This is a follow up ‘Brentry: How New Zealand Coped’, setting out some of the challenges which face New Zealand today.
The strategic view that Britain needs to be in the EU remains universal among New Zealand strategists. However the Leaves did not vote geopolitically but on domestic considerations including, apparently, resentment of immigration and of the unequal gains from trade. New Zealand has little alternative but to accept the direction the Brits are taking, albeit with regret.
Withdrawing from the EU is proving more difficult than anyone anticipated. Almost every week there is a revelation of an additional complication. Two years to negotiate the deal is just absurd, indicative of how little David Cameron, the previous British prime minister, had thought things through.
I do not think any informed person – anywhere in the world – takes seriously Theresa May’s view that Brexit represents no retreat, but rather that it will be the making of a ‘truly global Britain’ and that as a result the country will be ‘more outward-looking than ever before.’ The hard fact is that, as every New Zealander working in the international sector knows, being a small country isolated from the big trading blocs is a huge challenge. Sure, Britain is bigger than New Zealand but small compared to China, the EU and the US.
New Zealand’s interests will be challenged by Brexit. A couple of examples. We are currently in early negotiations with the EU over a free trade agreement. Almost certainly they will be delayed because the EU will be focusing on the Brexit negotiations; in any case they were going to be tortuous because they involve every member of the EU agreeing to the deal which, if it is of any significance to us, is going to affect their key farm interests.
Second, because of Brentry and subsequent multilateral negotiations, such as the Tokyo and Uruguay rounds, we already have various trade deals with the EU. However they are not with its individual members. What happens to them when one leaves?
For instance, there is a New Zealand sheep meats quota for the whole 28 countries; about two fifths of our lamb goes to Britain. That quota is ‘bound’, in effect it has a standing in international law and cannot be unilaterally abrogated. What happens to it if Britain leaves? We could insist that we will continue to have access for the whole quota to the remaining 27 countries and then negotiate a separate one with Britain outside the EU in exchange for trade concessions here. I imagine the EU will want us to agree that the quota be divided between the EU27 and Britain. The permutations are enormous; it will be a miracle if they are settled within two years, given there are many other examples like this involving other commodities and other countries.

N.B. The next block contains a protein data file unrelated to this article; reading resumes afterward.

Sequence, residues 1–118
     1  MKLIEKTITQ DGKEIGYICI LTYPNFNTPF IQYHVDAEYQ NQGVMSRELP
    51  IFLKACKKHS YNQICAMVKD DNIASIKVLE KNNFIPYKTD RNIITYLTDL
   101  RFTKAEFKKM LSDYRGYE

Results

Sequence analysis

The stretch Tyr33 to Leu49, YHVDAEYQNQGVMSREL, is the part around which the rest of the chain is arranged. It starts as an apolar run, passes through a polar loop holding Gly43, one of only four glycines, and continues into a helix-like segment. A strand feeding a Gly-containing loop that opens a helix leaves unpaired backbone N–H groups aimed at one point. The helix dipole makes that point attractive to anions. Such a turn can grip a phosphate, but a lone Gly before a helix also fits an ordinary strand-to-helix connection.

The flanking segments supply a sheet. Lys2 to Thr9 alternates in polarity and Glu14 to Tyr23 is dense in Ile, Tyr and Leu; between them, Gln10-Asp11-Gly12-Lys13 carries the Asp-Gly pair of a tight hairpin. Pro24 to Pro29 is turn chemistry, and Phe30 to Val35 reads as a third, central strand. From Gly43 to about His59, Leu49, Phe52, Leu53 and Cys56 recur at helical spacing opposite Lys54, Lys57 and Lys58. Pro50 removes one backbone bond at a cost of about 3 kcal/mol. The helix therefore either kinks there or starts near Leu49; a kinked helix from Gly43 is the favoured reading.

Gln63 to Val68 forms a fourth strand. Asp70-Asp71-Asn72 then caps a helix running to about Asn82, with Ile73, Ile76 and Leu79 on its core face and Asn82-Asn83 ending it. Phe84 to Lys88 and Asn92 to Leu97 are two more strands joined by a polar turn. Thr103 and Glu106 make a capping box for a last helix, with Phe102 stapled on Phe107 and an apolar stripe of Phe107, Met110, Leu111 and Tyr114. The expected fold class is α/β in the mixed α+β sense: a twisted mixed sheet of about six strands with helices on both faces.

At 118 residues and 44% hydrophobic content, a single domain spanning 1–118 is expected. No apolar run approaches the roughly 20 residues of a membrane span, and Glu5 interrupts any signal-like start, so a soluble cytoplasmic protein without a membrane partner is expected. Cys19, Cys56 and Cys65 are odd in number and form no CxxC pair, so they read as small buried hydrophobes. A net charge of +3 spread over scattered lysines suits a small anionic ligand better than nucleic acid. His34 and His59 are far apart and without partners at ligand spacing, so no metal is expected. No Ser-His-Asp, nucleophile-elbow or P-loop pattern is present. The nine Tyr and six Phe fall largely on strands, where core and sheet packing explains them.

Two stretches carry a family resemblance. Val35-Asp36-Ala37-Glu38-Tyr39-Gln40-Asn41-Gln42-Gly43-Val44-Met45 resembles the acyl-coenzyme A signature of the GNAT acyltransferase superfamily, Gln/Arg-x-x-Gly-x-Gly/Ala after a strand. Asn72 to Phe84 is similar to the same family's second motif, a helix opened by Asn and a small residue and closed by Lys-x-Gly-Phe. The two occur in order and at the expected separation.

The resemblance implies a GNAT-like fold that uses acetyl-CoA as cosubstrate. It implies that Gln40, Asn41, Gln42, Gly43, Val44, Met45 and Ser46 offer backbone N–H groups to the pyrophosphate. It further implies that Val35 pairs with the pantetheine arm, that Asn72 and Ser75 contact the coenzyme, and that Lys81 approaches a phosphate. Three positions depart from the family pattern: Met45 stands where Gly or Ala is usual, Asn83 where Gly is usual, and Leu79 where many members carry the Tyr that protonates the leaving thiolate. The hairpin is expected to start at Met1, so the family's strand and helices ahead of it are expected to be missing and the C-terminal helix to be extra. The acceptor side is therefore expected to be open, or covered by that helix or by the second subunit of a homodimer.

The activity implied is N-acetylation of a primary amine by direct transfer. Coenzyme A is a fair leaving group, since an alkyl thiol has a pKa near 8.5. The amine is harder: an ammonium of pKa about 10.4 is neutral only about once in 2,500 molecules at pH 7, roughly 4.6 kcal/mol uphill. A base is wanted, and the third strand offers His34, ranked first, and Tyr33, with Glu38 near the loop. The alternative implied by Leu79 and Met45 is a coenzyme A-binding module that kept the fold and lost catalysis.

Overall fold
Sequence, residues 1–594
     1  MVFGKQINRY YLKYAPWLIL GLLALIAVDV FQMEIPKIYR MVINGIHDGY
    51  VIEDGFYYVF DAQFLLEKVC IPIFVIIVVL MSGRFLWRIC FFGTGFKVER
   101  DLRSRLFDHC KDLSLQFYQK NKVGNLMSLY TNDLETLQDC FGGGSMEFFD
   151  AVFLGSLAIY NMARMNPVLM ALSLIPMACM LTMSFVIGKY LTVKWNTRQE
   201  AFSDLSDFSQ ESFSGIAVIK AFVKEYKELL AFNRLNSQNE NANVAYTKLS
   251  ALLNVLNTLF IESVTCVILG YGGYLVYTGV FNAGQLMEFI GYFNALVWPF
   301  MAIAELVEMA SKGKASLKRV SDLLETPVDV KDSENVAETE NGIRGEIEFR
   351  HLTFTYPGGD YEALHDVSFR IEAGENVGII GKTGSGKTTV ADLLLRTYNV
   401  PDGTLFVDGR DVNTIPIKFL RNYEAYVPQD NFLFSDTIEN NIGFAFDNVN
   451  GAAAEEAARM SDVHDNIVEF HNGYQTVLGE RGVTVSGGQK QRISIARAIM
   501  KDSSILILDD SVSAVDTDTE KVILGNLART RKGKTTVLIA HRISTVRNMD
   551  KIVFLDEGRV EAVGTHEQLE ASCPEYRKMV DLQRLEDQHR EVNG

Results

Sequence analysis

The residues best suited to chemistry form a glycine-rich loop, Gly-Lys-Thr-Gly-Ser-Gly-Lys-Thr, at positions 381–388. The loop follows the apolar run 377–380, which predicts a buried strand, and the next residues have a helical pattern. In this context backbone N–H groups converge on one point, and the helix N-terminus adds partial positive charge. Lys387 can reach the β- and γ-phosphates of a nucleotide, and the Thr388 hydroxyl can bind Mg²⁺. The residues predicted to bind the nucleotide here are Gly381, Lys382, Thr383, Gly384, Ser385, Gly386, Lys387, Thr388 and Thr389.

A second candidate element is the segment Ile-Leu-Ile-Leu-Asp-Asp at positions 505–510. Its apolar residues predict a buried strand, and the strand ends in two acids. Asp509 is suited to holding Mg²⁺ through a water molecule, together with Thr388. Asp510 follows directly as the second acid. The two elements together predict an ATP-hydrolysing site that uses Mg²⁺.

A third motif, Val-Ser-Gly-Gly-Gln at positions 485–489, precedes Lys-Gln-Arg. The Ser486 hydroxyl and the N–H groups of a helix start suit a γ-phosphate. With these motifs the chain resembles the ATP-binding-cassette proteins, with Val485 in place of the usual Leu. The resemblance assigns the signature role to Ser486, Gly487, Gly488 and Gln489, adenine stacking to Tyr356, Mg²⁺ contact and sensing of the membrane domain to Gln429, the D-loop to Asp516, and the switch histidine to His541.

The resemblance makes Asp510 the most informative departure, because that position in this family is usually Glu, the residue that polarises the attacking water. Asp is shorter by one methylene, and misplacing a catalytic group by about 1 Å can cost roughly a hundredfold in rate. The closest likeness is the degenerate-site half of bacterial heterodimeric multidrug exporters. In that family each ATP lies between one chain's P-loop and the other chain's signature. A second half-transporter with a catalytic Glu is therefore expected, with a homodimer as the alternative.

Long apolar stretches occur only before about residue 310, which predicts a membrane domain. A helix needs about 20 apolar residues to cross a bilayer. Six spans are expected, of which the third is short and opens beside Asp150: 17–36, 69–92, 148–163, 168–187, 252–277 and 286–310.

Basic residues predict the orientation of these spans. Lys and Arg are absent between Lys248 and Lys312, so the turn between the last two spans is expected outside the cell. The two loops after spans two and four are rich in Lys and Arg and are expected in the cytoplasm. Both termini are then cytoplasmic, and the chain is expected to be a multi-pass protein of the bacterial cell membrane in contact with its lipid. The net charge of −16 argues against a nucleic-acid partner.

So tiny New Zealand will be directly involved in some aspects of the Brexit negotiations even if we find it hard to get the EU 27 to focus on an FTA. Meanwhile, according to EU rules, Britain cannot begin negotiating trade agreements on its own behalf until after it leaves the EU.
During the Brentry negotiations, half a century ago, New Zealand’s negotiating strength included some ‘moral’ weight. At that time more people living in New Zealand said they were British-born than said they were Maori, underlining emotional attachments between the two countries. But those attachments have become attenuated with the external and internal diversification.
I won’t say we had a veto on Brentry in 1973, but undoubtedly the British government of the day wanted our support because it feared the anti-Brentry forces would use New Zealand to intensify their campaign.
That won’t happen this time. Instead of moral considerations we are going to have to depend upon the WTO rules. In principle that should mean that we will be no worse off – except where we have better deals than the legal bindings. And undoubtedly, we will suffer if the British economy suffers, as it is expected to. (However, except for some products, ties of sentiment mean New Zealanders tend to overestimate the importance of the British economy to us today.)
Moreover with a few exceptions, such as the RCEP (the Regional Comprehensive Economic Partnership of 14 Asian nations and Australia and New Zealand), other international trade deals are going to go be put on hold. That particularly affects our campaign to reduce world food protectionism in the interest of consumers and efficient farmers.
Of course, Brexit may not go ahead. A possible scenario is that when the deal is agreed, Britain will have a second referendum offering a real choice between the specific Brexit terms and Remain. May’s ‘hard-Brexit’ is designed to meet the demands of the extreme Brexiters, especially over migration, but it sacrifices a lot to do that. The softer Brexiters may reject the hard-Brexit terms. Already there is a growing group of doubters – Bregretters.
Although there are hard liners among the other 27 EU, who will not offer Britain an easy deal, one hopes commonsense will mean the 27 will leave open the option of Britain abandoning Brexit when the terms are settled and it becomes evident (to just about everyone) how painful the exit option is.
What may be crucial may be this year’s elections in France and the Netherlands, where immigration issues are expected to play an important role. Supposing that the electoral outcomes do not totally disrupt EU unity, it seems likely, nonetheless, that the EU will soften its commitment to free movement of labour. That would make it easier for Bregretters to change their minds.
Whatever, New Zealand’s global trading ambitions – especially over better access for its farmer products to protected markets – are going to have to be put on hold. But we will still pursue quality trade deals whenever the opportunities arise even if there are less of them.